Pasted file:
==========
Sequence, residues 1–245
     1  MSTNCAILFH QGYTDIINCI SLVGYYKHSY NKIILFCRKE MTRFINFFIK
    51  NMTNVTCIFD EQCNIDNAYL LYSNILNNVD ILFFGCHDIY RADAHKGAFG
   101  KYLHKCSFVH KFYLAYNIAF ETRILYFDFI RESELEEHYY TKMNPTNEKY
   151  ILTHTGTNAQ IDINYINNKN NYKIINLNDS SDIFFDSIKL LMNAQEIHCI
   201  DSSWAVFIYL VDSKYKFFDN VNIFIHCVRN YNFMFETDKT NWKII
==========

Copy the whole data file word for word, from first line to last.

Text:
Sequence, residues 1–245
     1  MSTNCAILFH QGYTDIINCI SLVGYYKHSY NKIILFCRKE MTRFINFFIK
    51  NMTNVTCIFD EQCNIDNAYL LYSNILNNVD ILFFGCHDIY RADAHKGAFG
   101  KYLHKCSFVH KFYLAYNIAF ETRILYFDFI RESELEEHYY TKMNPTNEKY
   151  ILTHTGTNAQ IDINYINNKN NYKIINLNDS SDIFFDSIKL LMNAQEIHCI
   201  DSSWAVFIYL VDSKYKFFDN VNIFIHCVRN YNFMFETDKT NWKII